And, of course, you’ll see the water draining the other way.
Before our trip to New Zealand and Australia, several people primed us to watch for a counter-clockwise spin in the bathtub or toilet.
Coriolis effect, you know, they’d say.
And we’d nod knowledgeably, just as if we, too, invoked the Coriolis effect daily to explain phenomena. Like, you know, the tendency to traverse grocery-store aisles clockwise, at least when the main entry is on the left-hand side.
So. Did we see a counter-clockwise spin in the water as it drained or flushed? No.
Did we even look for a counter-clockwise spin? No.
In a reverse Nativity-story effect, I guess, we had been warned by three wise men not to waste our time watching for differential drainage patterns. Were these magi actually qualified scientists? Well, I’d say so!
A brief aside. In something less than the full scientific spirit, I accept scientific conclusions based largely on the degree to which I fail to understand the explanations. By extension, so do I judge the qualifications of those who write said incomprehensible-ness. With articles achieving a 95% impenetrability quotient (me, I can usually follow only the abstract), writers for “Scientific American” are past qualified, beyond expert, approaching infallible.
Anyway, qualified or no, the three agreed: there is no north/south difference in how tubs drain or toilets flush. My favourite analysis of the three presented was, perhaps not surprisingly, also the shortest and lightest on jargon.
Really, I doubt that the direction of the draining water represents anything more than an accidental twist given by the starting flow. The local irregularities of motion are so dominant that the Coriolis effect is not likely to be revealed. An empirical test could help.
Fred W. Decker, professor emeritus (that’s smart, right?), said that. So calm. So rational.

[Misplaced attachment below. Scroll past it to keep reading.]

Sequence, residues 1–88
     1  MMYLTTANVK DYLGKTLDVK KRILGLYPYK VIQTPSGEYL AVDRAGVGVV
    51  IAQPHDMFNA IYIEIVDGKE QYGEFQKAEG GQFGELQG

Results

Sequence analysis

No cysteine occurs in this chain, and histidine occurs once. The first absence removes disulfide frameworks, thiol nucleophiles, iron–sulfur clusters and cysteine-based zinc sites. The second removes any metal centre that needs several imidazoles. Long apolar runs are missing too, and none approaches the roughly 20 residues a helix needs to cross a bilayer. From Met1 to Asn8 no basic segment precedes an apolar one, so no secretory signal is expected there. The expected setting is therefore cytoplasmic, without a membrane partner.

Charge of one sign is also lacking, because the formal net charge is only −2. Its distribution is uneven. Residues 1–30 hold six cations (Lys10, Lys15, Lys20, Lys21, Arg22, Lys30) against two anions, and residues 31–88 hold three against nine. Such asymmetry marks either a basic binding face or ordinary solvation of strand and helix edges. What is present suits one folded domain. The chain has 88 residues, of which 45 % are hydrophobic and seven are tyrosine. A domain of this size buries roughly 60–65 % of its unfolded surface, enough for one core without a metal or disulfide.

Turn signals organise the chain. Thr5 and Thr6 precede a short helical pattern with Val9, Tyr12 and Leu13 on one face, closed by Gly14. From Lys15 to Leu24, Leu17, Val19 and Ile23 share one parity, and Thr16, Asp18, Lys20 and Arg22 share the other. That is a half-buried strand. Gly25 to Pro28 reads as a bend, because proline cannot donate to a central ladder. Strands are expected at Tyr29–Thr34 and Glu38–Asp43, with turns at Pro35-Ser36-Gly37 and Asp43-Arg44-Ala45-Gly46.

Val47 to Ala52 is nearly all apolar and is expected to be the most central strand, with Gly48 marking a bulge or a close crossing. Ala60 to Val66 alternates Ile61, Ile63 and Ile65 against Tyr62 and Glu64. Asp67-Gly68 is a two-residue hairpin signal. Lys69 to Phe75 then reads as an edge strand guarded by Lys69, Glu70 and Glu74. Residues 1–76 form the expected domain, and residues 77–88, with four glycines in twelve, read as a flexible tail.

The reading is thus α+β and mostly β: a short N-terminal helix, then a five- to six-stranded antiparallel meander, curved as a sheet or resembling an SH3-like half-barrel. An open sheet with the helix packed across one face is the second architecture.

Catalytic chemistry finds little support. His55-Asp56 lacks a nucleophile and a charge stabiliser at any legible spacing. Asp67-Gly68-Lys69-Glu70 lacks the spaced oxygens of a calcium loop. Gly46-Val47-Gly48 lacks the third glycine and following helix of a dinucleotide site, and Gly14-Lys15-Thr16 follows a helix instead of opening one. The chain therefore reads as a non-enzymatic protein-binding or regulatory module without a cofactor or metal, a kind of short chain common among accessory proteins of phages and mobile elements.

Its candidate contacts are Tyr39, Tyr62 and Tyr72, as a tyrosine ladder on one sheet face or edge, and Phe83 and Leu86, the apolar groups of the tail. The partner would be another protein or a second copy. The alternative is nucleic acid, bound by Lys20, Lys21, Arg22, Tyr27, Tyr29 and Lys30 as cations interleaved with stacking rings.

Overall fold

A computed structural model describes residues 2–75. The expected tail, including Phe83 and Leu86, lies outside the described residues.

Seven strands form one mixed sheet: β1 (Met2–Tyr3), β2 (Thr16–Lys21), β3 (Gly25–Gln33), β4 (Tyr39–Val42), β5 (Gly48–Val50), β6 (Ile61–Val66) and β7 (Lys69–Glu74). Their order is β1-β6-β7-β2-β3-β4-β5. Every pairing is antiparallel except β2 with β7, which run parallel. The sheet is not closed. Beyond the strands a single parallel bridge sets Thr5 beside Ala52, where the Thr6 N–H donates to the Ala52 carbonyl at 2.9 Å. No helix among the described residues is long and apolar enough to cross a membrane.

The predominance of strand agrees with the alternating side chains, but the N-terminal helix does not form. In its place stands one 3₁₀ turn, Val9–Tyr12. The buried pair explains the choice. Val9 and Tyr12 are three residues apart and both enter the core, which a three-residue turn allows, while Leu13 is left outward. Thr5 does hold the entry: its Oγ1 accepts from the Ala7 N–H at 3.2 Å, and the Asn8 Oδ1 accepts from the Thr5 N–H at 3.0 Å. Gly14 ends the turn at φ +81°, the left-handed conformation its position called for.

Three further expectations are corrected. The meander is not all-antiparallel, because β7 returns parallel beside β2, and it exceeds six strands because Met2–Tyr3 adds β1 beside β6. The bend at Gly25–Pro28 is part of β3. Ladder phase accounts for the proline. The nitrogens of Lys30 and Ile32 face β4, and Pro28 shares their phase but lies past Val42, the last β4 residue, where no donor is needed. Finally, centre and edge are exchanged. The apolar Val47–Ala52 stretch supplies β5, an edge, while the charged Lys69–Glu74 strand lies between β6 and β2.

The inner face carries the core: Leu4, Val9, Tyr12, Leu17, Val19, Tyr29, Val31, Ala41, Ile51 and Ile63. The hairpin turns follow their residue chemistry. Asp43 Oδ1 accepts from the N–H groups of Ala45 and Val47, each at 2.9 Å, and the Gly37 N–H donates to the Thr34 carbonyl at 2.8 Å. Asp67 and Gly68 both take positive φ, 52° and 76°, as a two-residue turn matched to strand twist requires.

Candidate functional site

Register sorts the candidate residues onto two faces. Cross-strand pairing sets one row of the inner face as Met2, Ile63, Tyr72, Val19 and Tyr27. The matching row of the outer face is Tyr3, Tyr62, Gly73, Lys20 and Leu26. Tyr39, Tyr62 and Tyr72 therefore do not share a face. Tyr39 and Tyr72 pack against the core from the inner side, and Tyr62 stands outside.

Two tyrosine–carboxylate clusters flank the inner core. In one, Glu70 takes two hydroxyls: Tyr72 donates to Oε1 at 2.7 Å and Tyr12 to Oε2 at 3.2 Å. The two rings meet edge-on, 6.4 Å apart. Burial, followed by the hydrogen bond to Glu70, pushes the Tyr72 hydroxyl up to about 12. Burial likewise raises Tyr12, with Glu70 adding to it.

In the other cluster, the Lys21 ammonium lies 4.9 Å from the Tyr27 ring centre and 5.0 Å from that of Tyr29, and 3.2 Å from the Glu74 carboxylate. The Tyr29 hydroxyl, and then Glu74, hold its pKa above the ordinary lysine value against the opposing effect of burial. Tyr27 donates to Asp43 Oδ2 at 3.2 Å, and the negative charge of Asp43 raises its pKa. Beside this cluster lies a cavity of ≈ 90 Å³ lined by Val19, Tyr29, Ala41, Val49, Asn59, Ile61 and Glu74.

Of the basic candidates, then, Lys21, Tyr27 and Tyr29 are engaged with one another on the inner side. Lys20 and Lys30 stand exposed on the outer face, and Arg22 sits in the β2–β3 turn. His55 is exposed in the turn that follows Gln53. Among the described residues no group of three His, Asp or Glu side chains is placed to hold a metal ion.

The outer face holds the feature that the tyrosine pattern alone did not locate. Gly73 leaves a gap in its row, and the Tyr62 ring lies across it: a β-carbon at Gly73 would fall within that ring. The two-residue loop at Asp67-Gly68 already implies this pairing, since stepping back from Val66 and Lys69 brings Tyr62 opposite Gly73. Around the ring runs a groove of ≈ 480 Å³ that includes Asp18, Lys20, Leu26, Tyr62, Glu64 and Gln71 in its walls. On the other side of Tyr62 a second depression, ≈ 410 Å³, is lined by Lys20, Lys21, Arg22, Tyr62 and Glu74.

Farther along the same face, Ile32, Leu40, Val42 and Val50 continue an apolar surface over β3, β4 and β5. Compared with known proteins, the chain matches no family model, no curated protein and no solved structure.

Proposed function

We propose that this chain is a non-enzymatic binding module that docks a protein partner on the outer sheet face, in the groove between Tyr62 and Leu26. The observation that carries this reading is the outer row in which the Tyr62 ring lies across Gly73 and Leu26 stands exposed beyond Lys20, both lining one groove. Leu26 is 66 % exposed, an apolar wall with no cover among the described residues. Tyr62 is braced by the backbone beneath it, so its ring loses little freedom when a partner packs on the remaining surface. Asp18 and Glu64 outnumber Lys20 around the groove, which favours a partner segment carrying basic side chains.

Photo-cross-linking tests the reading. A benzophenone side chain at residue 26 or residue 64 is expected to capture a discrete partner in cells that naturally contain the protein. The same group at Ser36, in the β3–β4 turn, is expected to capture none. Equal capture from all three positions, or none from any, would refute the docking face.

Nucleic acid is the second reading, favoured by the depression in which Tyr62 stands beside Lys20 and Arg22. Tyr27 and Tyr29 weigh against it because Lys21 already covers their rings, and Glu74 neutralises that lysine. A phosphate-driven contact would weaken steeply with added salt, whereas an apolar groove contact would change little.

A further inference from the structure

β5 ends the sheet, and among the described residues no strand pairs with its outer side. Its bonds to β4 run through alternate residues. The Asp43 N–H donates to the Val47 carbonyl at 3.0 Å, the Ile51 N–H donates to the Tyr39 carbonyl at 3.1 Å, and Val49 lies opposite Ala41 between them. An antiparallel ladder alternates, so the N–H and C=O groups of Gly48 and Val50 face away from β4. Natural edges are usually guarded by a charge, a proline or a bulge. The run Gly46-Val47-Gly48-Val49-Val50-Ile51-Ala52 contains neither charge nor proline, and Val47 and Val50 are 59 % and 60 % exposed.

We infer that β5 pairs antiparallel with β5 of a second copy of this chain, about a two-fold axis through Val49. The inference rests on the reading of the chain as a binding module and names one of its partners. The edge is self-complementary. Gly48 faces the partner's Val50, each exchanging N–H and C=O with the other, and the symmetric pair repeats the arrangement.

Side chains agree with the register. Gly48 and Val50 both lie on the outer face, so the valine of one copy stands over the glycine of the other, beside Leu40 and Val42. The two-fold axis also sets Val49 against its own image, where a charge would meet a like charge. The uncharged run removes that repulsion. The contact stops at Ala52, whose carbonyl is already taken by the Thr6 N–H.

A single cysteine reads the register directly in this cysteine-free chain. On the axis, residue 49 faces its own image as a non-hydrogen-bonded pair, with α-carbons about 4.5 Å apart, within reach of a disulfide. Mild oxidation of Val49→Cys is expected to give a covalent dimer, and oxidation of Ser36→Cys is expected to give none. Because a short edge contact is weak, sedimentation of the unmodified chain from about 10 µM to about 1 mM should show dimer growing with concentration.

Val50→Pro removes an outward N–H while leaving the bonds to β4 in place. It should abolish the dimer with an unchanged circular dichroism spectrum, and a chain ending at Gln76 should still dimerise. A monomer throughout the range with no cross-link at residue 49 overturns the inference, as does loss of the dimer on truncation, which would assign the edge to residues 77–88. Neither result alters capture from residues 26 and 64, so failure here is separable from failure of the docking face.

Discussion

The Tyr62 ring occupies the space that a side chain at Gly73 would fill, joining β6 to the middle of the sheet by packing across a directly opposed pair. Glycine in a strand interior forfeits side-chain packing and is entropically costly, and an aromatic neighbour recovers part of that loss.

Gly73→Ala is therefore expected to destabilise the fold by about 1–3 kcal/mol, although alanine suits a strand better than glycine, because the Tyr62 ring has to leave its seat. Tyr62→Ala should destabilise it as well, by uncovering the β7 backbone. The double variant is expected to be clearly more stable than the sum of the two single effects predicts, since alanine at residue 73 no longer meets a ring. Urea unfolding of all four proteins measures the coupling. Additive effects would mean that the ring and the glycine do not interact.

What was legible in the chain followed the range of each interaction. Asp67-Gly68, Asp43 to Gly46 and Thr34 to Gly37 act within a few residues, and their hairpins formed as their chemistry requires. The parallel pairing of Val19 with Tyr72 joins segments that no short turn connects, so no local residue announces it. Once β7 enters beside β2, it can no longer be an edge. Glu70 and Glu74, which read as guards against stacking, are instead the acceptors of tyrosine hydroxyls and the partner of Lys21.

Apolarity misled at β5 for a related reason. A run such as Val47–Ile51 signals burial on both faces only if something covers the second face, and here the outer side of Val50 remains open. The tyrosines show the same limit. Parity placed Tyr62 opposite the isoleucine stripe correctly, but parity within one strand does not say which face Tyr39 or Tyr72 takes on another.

An empirical test could help.
Yup. In this as in many areas of life.
Now, I could riff on this for a while. I could follow the lead of the liberal media, who bemoan what they see as the tendency of conservative politicians to put ideology over empirical observations about the environment. I could follow the lead of the conservative media, who bemoan what they see as the tendency of liberal politicians to put ideology over empirical observations about human nature.
Or, I could, instead, bemoan what I see as the human tendency to accept the common wisdoms without conducting our own empirical tests, however rudimentary. I could even just bemoan my own tendency to accept, as authorities, folks who have insufficient claim to it. Not that either of those angles would relate to the media. Or to politicians. Or to incomprehensible experts of any ilk.
But, you know, it’s been a full week of settling into our snowbird digs and taking five guided and unguided birding walks, capped off (completely unnecessarily, in my view) with a bout of not-the-bird-but-stomach flu. Talk about the dominance of “local irregularities of motion.”
So I think I’ll just leave it there for now.
But the next time I hear something a bit, well, questionable, unlikely, or excessive, I might just pack my bags, head south once more, and conduct my own tests. Metaphorically, that is. After all, God (er, “Scientific American”) has spoken. And I think I got the 5% that matters.
An empirical test could help.